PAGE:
Mourn all casualties, work to reduce them
We now live in a world of images, often taken out of context and unscrupulously used for political, economic and personal ends. Perhaps no pictures move us more than those of children laid waste by the callous indifference of their “protectors.” Imagine America’s school shootings, Ukraine’s orphans, babies caught in barbed wire at the US southern border and children suffering droughts in wretched refugee camps. Now we can add an Israeli village, child hostages and Palestinian youths in bombed-out hospitals to that gruesome portfolio.
This carnage is not new, but that fact makes it no less devastating. What stands out now is only made more damning by its antecedents. We have to confront a seemingly intractable human trait: the prevalence of inhumanity as an acceptable response to inhumanity. Sure, share the somber remembrance of those who died in the September 11, 2001 attacks in the US, but then take a moment to reflect on the countless souls who have died in the US response and who had nothing to do with the attacks themselves.
So, no matter the veneer, revenge is revenge. It is generally deadly and often disproportionate. Those who seek a better world, where humanity is valued and conscience is a cornerstone, have much to overcome. Maybe the present Israeli–Palestinian war in Gaza will be the moment that spawns leaders who actually seek to lead their nations and supporters to a better place. By doing so, they will show the rest of us that it can be done.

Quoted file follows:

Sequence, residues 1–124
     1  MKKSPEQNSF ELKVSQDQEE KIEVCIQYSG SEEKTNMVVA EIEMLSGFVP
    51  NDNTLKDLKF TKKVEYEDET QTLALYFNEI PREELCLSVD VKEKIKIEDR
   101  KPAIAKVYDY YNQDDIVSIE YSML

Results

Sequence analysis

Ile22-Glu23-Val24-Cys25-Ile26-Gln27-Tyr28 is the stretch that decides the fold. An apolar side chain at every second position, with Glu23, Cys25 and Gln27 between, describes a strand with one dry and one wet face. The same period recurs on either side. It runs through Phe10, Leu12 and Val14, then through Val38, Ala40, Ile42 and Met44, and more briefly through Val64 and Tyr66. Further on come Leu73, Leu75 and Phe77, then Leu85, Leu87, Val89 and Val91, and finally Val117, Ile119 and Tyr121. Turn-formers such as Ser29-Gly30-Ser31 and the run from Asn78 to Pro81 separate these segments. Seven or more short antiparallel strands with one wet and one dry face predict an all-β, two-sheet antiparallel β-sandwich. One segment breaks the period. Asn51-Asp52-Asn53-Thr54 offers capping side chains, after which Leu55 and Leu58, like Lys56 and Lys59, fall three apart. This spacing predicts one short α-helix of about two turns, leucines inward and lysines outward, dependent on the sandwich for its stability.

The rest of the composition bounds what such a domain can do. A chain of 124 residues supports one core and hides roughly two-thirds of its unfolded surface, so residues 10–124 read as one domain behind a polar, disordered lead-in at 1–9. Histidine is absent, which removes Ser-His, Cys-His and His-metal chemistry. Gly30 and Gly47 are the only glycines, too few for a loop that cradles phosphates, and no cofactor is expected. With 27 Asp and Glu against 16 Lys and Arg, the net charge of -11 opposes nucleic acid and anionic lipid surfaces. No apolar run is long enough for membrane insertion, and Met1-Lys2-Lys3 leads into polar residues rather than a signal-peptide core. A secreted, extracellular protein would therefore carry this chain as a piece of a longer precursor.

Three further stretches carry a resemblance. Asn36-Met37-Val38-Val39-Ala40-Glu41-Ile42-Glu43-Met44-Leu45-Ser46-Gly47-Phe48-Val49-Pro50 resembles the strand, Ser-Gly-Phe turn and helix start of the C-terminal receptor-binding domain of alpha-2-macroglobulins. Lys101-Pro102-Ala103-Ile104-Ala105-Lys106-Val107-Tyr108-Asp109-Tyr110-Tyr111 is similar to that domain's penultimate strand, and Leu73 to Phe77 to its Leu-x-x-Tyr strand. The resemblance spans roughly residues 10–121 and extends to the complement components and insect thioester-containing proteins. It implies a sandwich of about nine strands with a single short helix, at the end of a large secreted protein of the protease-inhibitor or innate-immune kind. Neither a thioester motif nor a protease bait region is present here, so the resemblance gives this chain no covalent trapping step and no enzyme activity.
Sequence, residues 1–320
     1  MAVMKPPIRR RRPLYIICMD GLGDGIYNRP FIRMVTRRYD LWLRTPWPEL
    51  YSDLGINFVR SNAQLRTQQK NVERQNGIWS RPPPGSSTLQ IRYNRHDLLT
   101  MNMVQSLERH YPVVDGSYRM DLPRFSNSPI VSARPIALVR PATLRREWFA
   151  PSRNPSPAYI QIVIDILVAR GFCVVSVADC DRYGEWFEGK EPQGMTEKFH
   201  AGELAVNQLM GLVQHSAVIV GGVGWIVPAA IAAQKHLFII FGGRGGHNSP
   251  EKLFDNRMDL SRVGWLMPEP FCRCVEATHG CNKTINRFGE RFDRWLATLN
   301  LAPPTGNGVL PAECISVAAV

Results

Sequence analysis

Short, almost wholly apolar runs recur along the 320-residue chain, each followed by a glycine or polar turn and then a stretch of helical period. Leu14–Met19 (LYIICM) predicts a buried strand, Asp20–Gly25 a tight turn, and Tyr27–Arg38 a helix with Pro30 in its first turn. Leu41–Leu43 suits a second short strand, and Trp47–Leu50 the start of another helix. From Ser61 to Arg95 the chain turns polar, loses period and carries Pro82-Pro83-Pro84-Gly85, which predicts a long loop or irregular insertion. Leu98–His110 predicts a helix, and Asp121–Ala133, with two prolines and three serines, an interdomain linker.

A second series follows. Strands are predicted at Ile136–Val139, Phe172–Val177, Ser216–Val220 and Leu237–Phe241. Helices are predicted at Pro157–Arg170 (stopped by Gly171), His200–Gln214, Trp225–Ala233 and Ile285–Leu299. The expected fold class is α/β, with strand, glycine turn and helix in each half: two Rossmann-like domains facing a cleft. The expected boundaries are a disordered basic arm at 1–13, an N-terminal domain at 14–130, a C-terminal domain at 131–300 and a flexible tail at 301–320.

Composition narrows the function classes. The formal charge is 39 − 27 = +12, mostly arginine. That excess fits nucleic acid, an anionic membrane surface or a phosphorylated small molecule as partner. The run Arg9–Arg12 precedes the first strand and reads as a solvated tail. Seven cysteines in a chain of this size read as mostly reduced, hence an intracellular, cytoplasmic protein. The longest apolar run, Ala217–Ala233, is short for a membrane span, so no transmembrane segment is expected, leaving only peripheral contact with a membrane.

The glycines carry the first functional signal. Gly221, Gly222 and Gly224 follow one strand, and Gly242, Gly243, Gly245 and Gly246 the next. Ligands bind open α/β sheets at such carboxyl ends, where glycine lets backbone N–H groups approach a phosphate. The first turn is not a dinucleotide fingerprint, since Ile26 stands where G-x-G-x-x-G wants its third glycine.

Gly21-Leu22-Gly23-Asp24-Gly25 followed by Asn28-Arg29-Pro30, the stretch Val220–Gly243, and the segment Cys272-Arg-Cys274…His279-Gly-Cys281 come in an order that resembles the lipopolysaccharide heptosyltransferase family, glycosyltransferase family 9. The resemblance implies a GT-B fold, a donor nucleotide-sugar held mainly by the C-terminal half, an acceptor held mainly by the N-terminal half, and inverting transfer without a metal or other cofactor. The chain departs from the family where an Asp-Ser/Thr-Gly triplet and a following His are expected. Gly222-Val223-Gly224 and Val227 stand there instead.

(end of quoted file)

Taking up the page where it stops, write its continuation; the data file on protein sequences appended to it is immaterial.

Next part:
America’s difficult path to a better world
For such noble leaders to arise, the US government will have to play a uniquely uncommon role. It must start by engaging as a true partner with all the warring parties. It must speak for humane solutions. It must welcome to the table the few resources that can speak for humanity, then help to design and implement those humane solutions. Lastly — and this will be the harder part — America has to commit to no longer arming any of the combatants again. As long as the US is viewed as a collaborative participant in the killing fields, its capacity to seek peace and promote humane conflict solutions will remain hopelessly compromised.
I hope this time will be different. I hope those images endure. I want America to finally see the poison polluting its national soul. It should somehow come to understand that arming humans with killing machines is not an honorable or sustainable moral imperative, nor a humane economic model. I want my country to lead the world in using its vast resources to humane ends and to an increased understanding of humanity.
Maybe, if America tried that, we could reduce the killing at home and abroad, provide outreach and increased global access to meaningful healthcare, engender learning and compassion in the next generations, and provide a framework for actually welcoming those who can benefit from our help and helping those in our midst who require that help.
Maybe then the images would change.
[Hard Left Turn first published this piece.]
[Lee Thompson-Kolar edited this piece.]
The views expressed in this article are the author’s own and do not necessarily reflect Fair Observer’s editorial policy.